5. Their senses seem almost… super-powered?

Standing on the platform, they can hear the train coming before anyone else. “Is something burning?” they’ll enquire, standing three rooms away from the kitchen. “I don’t think so,” you’ll respond in surprise—only to get a whiff of charred toast half a minute later. Sensitive children are also quick to notice changes in people’s or places’ appearances which are all but imperceptible to the rest of us: “Your hair was parted to the left when I last saw you”; “That armchair was facing the window last time I was here”. On the flipside, loud noises can overwhelm them: a siren, an alarm, a dog barking. They may even dread the sound of the toilet flushing, the cereal box being opened, the squeaky brakes on someone’s bike on the pavement outside.

6. Traditional discipline methods don’t work

Timeout. The naughty step. Raising your voice. Common ways of keeping kids in check just don’t have the same effect when it comes to sensitive children. Their incredible perceptiveness means they need a gentler approach—because everything you say and do is internalised, then amplified. Whatever you say, they hear it ten times louder, perceive it as ten times greater the reprimand. So speak calmly and matter-of-factly when disciplining your sensitive child, and be strategic in overlooking minor infractions in pursuit of longer-term harmony.

7. Bedtime at the end of an epic day is no easy feat

Sleep is crucial for sensitive children: their vibrant, busy minds need rest. But by the same token, their imaginations running rampant while replaying the day’s exhilarating adventures means getting them off to sleep can be a constant nightly battle. Try introducing a series of increasingly calming activities, reducing the intensity of the stimuli around your sensitive child in gradations. This should effectively help them wind down and drift off for a peaceful night’s dreaming.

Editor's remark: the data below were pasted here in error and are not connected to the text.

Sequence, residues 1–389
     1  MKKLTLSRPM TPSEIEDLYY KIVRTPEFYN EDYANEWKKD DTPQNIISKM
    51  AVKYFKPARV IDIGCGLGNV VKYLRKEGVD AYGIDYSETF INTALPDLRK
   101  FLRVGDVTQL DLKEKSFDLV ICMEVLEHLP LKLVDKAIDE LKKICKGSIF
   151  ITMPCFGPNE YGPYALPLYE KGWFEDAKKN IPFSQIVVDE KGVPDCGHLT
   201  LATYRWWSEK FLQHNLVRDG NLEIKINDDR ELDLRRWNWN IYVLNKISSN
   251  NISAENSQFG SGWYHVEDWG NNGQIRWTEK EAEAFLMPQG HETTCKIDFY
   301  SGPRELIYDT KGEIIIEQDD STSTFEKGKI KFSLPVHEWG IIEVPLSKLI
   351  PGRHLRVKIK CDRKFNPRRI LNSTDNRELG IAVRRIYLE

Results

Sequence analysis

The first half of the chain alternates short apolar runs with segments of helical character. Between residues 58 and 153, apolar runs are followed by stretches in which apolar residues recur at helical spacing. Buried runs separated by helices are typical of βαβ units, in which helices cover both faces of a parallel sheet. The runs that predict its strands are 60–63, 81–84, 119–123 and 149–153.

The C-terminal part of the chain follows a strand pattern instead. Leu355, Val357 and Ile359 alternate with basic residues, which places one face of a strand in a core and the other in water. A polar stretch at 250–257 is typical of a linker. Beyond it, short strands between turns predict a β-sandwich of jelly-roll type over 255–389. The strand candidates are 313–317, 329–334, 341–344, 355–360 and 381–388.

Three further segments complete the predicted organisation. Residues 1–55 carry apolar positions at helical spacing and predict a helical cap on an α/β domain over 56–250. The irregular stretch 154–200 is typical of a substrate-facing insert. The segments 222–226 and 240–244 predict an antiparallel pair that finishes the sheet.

Parenting a sensitive child can be challenging—but make no mistake: it is a gift

Sensitive children make you see the world in a whole different light, perceive the minutiae of the day-to-day in ways you never have before. This can make the daily tasks of parenting tough, of course, especially if you weren’t a sensitive child yourself. It’s all about being flexible and adaptable to your child’s needs—while still knowing when to constrain those needs to keep their expectations realistic in the confines of their broader environment: school, playdates, holidays, restaurants, extracurricular clubs. If they react to a stimulus with what you’d consider disproportionate intensity, don’t take it personally, and understand that every experience of this kind is formative for your child.Provide your sensitive child with a safe and stable homebase from which they can venture out and explore the world at a pace that suits them, and you’ll set them up to prosper, to realise every iota of their truly magnificent potential—while forging a profound relationship with them along the way.